Bacteria used to be considered as asocial, unicellular organisms. Over the last few decades it has, however, become clear that bacteria are highly social and engage in a wide range of behaviors that result in a collective fitness advantage. One such behavior is bacterial swarming, which relies on flagella-based swimming motility across wetted surfaces. Swarming allows bacteria to spread across surfaces much more quickly than individual cells, if they were to move on their own. Swarming therefore lets bacterial cells forage more quickly for new nutrient patches.
As bacterial cells grow and swarm across surfaces, they display a range of phenotypic adaptations, and experience significant changes in cell density in their vicinity, which results in dramatically different cellular behaviors as a function of space and time during swarm development. To begin to understand which cell-cell interactions and intracellular behaviors organize the collective behavior inside swarms, the team led by Knut Drescher developed an adaptive microscopy technique, which relies on a closed-loop integration of microscopic image acquisition, live image analysis, and feedback to the motorized microscope control – in other words: an autonomous robotic microscope, whose image acquisition is determined by what the microscope sees unfolding under its lens.
Figure: Groups of Bacillus subtilis cells can move together within a swarm. Each group of co-moving cells is represented by a different color and an average motility direction indicated with a magenta-colored arrow. Copyright: Hannah Jeckel/Knut Drescher.
Based on this adaptive microscope, it was possible to monitor the development of bacterial swarms over five orders of magnitude in length and six orders of magnitude in time at the single-cell level, resulting in gigantic data sets of microscopic, mesoscopic, and macroscopic cellular motility behavior across space and time. To understand whether there were patterns to the bacterial behaviors, a simple machine learning approach was used to directly determine from the data which classes of bacterial (collective) motility behavior the cells performed. This resulted in a dramatic simplification of the gigantic dataset: at any point in space and time during the swarm development, the cells carried out only one of five quantitatively distinct behaviors. This simplification of the swarming process into only five distinct behaviors made it possible to use simulations of cellular motility behaviors for each of the five behavioral states to understand which cell-cell interaction mechanisms are important to account for the collective behavior within each state. Remarkably, all five different collective behavior states could be explained quantitatively when the simulated cells were assumed to only interact mechanically in the simulations – no additional cell-cell interaction was required, which provides a unified understanding of bacterial swarm development. Nevertheless, it is unclear which processes determine the transitions between the collective behavior states, which needs to be investigated in the future.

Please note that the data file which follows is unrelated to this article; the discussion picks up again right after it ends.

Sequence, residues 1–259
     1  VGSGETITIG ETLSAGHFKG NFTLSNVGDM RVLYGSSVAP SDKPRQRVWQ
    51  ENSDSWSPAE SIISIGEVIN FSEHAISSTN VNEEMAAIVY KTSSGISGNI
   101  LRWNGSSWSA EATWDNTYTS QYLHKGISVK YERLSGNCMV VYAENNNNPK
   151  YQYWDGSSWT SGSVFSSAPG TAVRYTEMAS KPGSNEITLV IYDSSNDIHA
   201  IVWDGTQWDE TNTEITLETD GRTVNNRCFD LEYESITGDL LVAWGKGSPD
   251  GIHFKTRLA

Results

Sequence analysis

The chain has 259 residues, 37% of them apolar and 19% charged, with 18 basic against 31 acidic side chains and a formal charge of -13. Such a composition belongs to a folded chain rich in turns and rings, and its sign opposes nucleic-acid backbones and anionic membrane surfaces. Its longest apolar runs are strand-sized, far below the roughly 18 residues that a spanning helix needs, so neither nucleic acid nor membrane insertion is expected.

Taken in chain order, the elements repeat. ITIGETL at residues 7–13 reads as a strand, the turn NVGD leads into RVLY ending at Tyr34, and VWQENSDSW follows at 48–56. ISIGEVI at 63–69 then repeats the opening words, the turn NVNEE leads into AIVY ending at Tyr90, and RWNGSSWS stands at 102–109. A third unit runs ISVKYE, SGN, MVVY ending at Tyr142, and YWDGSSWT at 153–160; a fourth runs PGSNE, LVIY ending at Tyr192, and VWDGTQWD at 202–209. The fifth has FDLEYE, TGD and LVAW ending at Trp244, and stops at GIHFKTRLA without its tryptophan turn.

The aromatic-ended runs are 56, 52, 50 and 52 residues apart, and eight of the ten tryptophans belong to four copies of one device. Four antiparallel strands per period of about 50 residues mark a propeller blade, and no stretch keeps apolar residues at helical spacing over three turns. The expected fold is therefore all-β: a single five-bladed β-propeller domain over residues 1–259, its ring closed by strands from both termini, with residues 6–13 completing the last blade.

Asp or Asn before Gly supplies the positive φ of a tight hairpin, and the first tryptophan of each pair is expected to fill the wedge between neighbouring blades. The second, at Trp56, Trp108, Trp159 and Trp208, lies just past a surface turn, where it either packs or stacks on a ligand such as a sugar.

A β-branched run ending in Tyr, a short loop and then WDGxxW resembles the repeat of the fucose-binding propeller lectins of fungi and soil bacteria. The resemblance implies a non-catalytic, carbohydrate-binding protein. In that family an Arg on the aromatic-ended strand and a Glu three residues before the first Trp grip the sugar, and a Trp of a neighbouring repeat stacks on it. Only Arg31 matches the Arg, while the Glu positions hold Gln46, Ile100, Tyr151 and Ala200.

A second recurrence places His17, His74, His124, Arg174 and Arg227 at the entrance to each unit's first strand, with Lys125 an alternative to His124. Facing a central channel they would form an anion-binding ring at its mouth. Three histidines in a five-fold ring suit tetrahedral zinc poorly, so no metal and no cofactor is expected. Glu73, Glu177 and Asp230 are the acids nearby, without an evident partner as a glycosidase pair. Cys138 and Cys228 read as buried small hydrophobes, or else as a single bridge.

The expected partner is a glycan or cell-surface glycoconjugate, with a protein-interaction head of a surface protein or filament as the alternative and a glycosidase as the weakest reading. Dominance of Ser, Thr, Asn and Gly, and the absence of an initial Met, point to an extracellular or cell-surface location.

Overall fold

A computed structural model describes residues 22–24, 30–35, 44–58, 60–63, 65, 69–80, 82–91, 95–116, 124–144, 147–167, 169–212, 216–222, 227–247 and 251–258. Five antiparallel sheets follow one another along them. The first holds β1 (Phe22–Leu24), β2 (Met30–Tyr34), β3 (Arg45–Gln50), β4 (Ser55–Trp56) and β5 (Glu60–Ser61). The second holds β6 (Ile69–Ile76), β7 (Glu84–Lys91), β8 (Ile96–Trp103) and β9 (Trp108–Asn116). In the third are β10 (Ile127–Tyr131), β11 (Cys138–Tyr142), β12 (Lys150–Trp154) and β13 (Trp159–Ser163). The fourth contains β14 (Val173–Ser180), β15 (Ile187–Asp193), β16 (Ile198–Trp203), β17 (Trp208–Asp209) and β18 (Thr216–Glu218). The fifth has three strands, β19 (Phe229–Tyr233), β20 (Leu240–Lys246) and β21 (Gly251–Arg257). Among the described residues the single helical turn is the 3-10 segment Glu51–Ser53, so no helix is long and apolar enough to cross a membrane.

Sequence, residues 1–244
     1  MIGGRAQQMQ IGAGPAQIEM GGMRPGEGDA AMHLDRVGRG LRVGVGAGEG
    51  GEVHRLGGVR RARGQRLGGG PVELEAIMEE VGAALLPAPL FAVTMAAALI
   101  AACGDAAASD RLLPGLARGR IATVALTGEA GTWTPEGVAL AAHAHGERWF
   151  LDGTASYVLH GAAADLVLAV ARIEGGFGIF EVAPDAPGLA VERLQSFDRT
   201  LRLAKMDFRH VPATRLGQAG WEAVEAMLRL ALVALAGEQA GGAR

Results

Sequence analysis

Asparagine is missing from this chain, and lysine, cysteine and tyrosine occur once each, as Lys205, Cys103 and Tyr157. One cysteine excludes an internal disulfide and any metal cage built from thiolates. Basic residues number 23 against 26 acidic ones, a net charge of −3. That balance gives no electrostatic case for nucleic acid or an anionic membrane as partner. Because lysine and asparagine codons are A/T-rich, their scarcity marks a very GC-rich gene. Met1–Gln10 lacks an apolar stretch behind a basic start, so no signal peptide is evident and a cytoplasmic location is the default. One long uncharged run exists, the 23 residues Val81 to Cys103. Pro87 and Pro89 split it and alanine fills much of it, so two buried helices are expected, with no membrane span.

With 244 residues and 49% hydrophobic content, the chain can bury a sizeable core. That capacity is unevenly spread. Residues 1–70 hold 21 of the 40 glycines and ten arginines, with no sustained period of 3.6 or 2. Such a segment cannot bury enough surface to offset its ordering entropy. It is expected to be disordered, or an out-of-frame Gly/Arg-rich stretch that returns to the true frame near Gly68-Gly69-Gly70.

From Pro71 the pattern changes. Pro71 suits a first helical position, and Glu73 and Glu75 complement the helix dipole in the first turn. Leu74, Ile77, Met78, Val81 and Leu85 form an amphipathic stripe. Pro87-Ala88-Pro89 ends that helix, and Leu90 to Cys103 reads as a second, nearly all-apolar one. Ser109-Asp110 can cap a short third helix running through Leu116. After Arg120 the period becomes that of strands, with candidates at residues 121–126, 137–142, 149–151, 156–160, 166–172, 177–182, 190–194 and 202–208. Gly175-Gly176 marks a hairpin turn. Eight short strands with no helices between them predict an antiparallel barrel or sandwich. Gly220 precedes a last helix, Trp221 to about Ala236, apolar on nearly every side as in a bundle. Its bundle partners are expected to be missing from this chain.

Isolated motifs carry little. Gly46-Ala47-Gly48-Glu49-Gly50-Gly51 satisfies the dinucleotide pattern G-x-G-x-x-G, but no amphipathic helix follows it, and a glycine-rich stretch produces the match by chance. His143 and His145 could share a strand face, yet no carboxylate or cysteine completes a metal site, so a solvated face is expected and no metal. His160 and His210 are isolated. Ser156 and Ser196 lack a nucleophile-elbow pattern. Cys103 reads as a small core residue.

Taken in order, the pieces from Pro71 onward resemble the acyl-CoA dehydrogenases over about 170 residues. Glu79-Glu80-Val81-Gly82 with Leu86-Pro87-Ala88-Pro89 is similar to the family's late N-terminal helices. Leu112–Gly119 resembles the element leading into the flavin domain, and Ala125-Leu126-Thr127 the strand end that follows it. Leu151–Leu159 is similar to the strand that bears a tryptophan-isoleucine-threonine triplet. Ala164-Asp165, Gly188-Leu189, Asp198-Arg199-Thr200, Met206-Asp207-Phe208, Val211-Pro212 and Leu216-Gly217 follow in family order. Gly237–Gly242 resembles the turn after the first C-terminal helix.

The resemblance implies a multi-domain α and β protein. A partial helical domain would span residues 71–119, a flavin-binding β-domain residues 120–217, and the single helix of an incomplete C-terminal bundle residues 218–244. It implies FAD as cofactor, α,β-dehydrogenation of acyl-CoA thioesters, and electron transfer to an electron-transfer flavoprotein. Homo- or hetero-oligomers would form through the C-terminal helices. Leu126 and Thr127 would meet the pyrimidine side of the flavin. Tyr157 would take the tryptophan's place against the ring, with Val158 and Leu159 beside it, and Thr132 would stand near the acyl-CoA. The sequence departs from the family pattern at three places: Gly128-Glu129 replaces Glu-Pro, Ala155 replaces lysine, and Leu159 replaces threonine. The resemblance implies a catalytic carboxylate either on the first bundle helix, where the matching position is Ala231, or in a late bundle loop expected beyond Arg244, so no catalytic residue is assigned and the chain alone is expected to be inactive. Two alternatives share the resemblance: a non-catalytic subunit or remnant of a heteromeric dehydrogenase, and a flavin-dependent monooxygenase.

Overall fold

This work was a collaboration between Knut Drescher’s lab at the Max Planck Institute for Terrestrial Microbiology (Germany) and Jorn Dunkel’s lab at the Massachusetts Institute for Technology (USA), and relied crucially on flexible HFSP funding, to engage in international exchange.